• The changes would require many water resource transactions to be approved by a majority of “all registered electors” without considering voter turnout to the election, making it practically impossible to obtain approval.
  • Greeley would be severely hindered in future efforts to acquire and manage water supply, and that future operations of the system would be constrained to such an extent that service would suffer and rates would need to go up.   
  • The changes would make it impossible to make long-term water-related trades or exchanges to ensure uninterrupted water supplies in response to natural disasters like severe drought or contamination from wildfires. 
  • Greeley would be put at a competitive disadvantage with other water resource buyers.  Opportunities to acquire additional water for the city may be missed.  The stability of the regional agricultural economy may be affected.  It would be difficult for farmers to plan their long-term water use. 
  • There will be a financial cost to water ratepayers and delays in decision-making. Outside consultants would need to be paid to duplicate studies, and an estimated three to five elections per year would need to be funded.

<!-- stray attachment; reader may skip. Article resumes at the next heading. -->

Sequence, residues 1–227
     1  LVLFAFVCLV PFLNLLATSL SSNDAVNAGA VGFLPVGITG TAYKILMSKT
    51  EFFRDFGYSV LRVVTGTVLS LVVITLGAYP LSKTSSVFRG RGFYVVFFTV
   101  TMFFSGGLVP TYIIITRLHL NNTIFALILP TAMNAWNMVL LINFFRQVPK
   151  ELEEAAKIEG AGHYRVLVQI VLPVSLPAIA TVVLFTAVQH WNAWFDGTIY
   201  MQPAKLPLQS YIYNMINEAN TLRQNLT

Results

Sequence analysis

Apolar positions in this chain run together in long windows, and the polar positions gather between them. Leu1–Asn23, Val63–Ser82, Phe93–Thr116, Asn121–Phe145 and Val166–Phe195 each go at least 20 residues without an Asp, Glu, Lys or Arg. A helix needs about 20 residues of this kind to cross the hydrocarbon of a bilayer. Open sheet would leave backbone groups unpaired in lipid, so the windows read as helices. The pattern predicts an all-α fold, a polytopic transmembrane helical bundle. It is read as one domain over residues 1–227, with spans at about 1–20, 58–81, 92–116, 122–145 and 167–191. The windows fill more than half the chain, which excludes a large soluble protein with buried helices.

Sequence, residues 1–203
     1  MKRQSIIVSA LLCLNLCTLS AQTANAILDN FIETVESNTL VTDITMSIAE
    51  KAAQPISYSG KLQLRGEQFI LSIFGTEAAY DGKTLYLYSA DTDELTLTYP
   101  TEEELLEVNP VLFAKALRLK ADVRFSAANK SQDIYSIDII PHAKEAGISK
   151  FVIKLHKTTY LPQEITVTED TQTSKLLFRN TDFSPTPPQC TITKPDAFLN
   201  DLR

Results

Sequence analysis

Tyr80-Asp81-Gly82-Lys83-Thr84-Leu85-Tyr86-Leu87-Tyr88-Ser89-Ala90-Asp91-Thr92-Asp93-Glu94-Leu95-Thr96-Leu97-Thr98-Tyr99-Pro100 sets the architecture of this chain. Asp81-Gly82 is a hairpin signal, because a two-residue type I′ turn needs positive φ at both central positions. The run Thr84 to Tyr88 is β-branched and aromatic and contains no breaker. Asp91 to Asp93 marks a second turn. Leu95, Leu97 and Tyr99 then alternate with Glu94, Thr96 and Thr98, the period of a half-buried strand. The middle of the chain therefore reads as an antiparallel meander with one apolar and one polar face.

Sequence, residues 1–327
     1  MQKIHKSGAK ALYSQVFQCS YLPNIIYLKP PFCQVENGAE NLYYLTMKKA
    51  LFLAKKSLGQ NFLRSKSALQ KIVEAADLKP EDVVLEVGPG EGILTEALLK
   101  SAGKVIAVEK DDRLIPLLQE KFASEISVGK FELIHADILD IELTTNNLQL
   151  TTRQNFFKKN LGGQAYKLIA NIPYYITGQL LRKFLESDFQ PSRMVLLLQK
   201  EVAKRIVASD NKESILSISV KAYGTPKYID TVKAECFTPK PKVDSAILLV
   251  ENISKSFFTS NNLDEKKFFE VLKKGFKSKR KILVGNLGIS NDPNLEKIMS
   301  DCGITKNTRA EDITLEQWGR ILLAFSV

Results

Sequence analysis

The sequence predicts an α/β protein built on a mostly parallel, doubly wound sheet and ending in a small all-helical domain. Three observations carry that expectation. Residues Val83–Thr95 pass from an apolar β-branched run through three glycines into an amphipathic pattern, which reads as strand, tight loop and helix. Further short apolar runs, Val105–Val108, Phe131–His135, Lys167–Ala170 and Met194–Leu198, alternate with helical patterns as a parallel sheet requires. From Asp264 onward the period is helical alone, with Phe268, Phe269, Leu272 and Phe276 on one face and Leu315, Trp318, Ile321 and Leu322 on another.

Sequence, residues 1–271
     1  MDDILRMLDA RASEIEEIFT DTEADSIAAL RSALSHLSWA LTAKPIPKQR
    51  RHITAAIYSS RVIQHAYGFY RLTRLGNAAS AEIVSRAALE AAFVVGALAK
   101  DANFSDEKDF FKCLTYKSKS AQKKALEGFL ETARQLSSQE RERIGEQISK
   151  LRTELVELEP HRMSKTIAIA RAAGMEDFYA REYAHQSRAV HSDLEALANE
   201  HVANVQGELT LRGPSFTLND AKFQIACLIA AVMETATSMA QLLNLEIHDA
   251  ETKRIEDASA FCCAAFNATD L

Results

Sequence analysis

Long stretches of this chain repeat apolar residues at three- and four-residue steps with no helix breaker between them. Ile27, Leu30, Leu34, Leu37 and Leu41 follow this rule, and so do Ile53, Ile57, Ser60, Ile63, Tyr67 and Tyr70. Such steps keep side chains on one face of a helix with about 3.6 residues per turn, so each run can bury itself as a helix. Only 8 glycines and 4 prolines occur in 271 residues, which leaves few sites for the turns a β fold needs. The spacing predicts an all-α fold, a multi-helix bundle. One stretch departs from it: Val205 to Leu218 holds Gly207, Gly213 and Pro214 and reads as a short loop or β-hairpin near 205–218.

• Colorado state law (CRS 31-15-713) already requires a public vote on the sale of city water utility assets, including water rights and water facilities. The law obligates the city to hold a public hearing and act by ordinance. Changing the Charter duplicates what is already required by state law.

 

Ballot Issue 2H

Changes to Charter section 17.10

The addition of a new section 17-10 to the Charter would require a majority of all registered voters, regardless of voter turnout to the election, before the city could use, purchase, lease, or provide groundwater or recycled wastewater for drinking water or irrigation (non-potable) use.  Greeley currently uses groundwater and indirectly recycles wastewater to serve non-potable water throughout the city. This change would require that an engineering study be performed and published at least sixty (60) days prior to the election.

Ballot issue 2H Pro v. Con:

Reasons to approve: